Bathing on Erev Shabbos:
It is a Mitzvah [upon both men and women] to initially bathe one’s entire body in hot water on Erev Shabbos [and Erev Yom Tov] in honor of Shabbos [and Yom Tov]. If one is unable to do so then he is at the very least to wash his hands, feet and face in hot water.
Washing one’s hair: It is a Mitzvah for one to [shampoo,] scrub, and wash the hair of his head on every Erev Shabbos.
When on Erev Shabbos should one bathe: It is proper for one to bathe himself as close to Shabbos as possible, and then immediately put on his Shabbos cloths. [This however only applies when bathing in one’s home. If however one is bathing in a bathhouse, as is customary when going to Mikveh on Erev Shabbos, then one should visit the Mikveh with plenty of time still left in the day. If one however plans to merely [rinse and then] immerse in the Mikveh, he is to visit the Mikveh as close to Shabbos as possible.]
Miscellaneous laws associated with bathing:
The order in bathing: When bathing one’s entire body one begins with washing his head, as the head is the king of all the other limbs. Regarding the rest of the body one first washes his right side and then his left, [thus honoring the right].
Avoiding scorching water: One who is accustomed to pour very hot water on his skin [should avoid doing so as it] can lead to leprosy.
Drying one’s face:  One should dry his face thoroughly after washing them as not drying the face properly can cause his skin to crack or break out with boils. If one did not do so then his cure is to wash his face many times in water that had beets/spinach [cooked] in it.
Drying one’s feet: One who washes his feet and places his socks or shoes on prior to drying them, can bring him to become blind r“l. [Therefore one needs to dry his feet prior to putting on his [socks or] shoes as is the law regarding all matters which endanger a person.] [Nevertheless, the populace, including Rabbis and other G-d fearing Jews, are not accustomed to dry their feet, and nevertheless G-d protects them from danger. Thus, being that this is the custom, and G-d prevents the danger from occurring, one may even do so initially.]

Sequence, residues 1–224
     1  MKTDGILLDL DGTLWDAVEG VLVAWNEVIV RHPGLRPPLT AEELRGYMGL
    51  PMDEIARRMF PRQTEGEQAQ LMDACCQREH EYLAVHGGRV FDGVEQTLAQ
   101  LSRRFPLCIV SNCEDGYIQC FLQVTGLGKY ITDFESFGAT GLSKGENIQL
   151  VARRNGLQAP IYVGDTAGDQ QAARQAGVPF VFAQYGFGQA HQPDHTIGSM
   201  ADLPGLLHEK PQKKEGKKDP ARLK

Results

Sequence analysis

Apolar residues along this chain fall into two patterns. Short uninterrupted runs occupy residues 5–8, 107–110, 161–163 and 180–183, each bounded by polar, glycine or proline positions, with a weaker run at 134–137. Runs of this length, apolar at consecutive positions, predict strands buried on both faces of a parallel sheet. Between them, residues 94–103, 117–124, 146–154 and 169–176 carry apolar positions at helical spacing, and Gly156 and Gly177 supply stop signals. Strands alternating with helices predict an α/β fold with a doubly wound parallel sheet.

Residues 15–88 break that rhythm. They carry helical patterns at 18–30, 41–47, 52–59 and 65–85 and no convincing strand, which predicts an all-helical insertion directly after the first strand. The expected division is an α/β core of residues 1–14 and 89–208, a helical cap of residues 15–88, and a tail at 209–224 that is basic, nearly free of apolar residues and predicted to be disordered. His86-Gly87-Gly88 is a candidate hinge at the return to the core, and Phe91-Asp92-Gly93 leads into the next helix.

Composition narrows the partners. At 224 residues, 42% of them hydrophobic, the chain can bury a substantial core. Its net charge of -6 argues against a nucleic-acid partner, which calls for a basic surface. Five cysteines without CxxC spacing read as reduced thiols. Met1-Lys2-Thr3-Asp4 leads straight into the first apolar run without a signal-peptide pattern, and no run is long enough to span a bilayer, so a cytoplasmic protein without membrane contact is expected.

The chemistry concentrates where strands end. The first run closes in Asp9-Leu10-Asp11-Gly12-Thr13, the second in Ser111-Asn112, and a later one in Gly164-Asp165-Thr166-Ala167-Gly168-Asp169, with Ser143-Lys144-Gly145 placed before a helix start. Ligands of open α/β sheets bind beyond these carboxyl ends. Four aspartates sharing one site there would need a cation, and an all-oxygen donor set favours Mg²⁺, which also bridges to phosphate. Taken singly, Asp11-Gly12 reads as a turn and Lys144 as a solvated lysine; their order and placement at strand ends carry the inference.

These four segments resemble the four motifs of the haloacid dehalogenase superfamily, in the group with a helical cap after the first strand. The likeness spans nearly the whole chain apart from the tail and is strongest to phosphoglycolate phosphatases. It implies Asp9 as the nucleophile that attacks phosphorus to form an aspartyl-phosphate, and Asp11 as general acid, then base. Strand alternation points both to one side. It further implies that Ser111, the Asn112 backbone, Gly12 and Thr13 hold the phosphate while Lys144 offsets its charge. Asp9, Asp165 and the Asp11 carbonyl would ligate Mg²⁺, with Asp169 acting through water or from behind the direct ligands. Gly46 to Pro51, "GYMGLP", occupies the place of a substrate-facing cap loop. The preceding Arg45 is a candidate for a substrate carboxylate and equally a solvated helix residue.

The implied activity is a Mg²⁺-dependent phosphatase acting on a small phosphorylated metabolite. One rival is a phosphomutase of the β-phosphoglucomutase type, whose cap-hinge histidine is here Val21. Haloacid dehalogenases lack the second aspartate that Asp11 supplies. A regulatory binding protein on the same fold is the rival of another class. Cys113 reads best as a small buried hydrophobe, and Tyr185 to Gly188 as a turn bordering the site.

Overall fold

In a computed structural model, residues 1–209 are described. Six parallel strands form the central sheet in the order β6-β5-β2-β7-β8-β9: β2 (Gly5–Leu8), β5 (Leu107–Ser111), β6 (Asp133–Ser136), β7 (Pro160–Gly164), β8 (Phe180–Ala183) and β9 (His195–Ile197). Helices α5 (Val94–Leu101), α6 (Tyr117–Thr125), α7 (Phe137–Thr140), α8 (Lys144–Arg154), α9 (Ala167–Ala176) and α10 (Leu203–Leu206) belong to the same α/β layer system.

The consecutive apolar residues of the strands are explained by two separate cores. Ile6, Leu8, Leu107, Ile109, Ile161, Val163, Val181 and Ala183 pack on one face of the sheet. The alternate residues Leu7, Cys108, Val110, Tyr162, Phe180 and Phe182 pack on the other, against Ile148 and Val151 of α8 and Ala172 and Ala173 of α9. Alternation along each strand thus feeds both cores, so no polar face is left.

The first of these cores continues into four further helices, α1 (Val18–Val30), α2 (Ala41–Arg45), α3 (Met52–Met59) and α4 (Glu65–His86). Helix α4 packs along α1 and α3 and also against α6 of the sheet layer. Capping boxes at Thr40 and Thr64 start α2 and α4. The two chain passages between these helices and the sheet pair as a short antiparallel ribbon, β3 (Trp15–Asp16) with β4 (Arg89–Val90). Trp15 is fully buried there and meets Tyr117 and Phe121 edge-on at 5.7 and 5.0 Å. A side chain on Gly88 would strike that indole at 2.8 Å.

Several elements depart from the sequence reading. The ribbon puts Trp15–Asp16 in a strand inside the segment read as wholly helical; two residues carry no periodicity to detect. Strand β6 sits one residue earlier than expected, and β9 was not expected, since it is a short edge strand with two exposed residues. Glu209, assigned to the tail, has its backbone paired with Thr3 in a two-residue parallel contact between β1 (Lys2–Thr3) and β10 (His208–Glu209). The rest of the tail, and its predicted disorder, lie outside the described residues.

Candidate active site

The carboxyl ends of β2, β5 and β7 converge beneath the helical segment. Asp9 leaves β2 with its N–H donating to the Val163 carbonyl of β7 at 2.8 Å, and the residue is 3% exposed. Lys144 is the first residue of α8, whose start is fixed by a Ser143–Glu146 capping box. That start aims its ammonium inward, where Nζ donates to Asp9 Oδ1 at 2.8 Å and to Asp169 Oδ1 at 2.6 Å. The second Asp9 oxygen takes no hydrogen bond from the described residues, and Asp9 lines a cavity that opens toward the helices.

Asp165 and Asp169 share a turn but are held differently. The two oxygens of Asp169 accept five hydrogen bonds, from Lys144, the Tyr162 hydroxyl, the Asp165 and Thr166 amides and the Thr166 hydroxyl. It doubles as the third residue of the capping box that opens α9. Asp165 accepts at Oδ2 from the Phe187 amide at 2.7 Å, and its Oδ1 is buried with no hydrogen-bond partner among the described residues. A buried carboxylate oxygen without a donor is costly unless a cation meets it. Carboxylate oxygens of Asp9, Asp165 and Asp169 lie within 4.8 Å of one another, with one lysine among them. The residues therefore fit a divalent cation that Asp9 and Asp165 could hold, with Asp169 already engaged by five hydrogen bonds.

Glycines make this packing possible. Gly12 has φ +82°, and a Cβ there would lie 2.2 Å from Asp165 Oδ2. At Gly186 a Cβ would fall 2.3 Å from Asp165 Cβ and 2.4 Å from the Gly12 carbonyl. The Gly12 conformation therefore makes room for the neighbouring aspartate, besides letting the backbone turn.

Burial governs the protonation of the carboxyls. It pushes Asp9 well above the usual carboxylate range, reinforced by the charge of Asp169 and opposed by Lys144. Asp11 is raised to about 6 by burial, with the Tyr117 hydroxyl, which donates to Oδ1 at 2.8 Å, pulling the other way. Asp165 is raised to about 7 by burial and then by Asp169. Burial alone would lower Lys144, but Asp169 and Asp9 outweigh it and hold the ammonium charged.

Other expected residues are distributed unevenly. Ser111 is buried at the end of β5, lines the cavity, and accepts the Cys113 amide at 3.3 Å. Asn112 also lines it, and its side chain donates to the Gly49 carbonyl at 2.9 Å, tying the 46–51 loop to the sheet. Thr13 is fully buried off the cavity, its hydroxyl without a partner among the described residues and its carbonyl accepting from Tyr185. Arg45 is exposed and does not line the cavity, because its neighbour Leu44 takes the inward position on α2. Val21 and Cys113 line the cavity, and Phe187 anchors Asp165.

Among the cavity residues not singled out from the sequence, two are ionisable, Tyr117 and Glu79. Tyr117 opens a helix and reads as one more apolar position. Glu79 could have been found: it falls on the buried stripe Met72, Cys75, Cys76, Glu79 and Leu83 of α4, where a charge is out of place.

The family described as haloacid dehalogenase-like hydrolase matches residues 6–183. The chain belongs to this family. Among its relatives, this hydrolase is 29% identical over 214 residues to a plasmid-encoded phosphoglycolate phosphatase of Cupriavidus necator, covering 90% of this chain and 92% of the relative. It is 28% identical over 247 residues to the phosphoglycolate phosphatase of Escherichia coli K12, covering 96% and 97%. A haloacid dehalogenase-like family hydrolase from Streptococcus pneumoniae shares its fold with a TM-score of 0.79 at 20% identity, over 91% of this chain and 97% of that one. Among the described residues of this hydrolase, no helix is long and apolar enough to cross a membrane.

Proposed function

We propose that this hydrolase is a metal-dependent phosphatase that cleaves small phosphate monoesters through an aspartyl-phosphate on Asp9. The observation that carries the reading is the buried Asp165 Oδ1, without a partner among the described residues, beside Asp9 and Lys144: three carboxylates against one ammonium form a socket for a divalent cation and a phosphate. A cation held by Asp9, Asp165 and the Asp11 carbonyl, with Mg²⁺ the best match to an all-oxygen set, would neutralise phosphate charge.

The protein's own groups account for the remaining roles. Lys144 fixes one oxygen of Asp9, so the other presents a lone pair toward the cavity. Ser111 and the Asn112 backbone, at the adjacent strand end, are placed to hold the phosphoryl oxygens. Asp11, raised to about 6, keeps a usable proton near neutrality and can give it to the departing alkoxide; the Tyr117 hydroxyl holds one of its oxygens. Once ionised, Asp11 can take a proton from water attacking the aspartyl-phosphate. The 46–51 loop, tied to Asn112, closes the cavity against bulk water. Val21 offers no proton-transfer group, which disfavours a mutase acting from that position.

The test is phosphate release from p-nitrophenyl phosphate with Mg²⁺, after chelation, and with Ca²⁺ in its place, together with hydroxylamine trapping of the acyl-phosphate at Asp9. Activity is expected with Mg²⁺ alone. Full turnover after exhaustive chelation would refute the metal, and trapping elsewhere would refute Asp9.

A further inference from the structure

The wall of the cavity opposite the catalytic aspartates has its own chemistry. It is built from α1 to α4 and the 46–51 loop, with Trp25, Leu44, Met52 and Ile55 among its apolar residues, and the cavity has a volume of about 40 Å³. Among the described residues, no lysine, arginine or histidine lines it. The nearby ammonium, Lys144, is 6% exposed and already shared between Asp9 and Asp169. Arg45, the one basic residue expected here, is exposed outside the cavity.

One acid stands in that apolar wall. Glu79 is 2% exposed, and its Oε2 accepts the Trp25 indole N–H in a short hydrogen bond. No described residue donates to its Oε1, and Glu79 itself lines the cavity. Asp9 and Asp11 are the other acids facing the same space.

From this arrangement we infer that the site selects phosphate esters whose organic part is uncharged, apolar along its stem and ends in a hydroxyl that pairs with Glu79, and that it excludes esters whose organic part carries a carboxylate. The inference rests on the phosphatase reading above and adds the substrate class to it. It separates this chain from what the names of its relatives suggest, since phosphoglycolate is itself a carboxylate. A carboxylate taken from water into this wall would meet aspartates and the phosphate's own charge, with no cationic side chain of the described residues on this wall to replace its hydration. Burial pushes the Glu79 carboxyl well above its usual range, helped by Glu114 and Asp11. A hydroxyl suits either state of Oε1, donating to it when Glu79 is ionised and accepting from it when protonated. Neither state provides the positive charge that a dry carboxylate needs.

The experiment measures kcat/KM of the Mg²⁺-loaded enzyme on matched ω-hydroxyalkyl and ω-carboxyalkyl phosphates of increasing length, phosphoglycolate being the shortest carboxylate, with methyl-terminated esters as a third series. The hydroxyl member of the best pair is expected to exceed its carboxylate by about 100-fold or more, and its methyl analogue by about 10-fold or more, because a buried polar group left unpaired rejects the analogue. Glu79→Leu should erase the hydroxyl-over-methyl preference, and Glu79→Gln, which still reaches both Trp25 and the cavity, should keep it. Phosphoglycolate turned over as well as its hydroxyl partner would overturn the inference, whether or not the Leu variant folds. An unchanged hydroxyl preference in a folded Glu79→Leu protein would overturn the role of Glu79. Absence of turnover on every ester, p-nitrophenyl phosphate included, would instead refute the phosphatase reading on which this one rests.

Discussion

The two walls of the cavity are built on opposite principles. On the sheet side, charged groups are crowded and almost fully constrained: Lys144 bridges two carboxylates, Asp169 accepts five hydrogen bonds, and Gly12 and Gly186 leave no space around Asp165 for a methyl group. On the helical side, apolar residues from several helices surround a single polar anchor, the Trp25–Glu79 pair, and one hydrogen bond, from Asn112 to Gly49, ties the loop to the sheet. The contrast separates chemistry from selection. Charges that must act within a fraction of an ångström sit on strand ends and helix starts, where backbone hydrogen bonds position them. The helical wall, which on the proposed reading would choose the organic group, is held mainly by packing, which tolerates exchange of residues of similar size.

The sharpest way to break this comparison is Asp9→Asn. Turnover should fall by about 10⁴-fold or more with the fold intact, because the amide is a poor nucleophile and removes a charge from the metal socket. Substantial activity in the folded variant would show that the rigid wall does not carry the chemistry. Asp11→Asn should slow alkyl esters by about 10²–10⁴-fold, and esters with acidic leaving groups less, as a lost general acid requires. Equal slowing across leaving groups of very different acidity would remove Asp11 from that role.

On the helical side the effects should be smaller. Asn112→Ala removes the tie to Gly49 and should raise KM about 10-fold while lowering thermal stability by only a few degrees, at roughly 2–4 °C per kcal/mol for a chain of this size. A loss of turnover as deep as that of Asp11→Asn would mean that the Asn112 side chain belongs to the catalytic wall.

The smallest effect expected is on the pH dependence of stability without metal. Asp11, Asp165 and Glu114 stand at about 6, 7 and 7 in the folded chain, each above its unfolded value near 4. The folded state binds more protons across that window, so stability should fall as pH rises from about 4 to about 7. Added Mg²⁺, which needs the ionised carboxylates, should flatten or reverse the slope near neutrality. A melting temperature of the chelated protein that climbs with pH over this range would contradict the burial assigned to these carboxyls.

Does one fulfill the Mitzvah if he bathes in warm water rather than hot water?
It requires further analysis if one fulfills the Mitzvah of bathing if he bathes in warm water. Regarding the definition of hot water versus warm: The Tehila Ledavid learns that all water which is warmer than body temperate [98.6], or its heat is felt in it is considered hot water. So is implied also from other Achronim. However, there is room to learn from Admur that so long as the water is less than Yad Soledes then it is not considered hot.
What is one to do if he will not have time to bath or shower on Erev Shabbos?
In such a case then he should bathe on Thursday, or the closest day possible to Shabbos.
Not to bathe too close to Shabbos:
One is to be careful, and warn others against bathing too close to the beginning of Shabbos, as even if one will be able to finish bathing before sunset, he may come to squeeze water from his towel or hair and come to transgress.
 Admur 260:1; Michaber 260:1; Gemara Shabbos 25b
 This bathing [even of the face feet and hands] is not an actual obligation, but rather one who fulfills it is rewarded, while one who does not is not punished. [ibid]
 Mishneh Berurah 260:2 brought in Ketzos Hashulchan 73 footnote 2
 The Michaber, based on the custom of Rav Yehuda Bar Elay in the Gemara ibid, rules that the Mitzvah is to wash only one’s hands feet and face. The Rama extends this Mitzvah to one’s entire body, and so rules Admur here.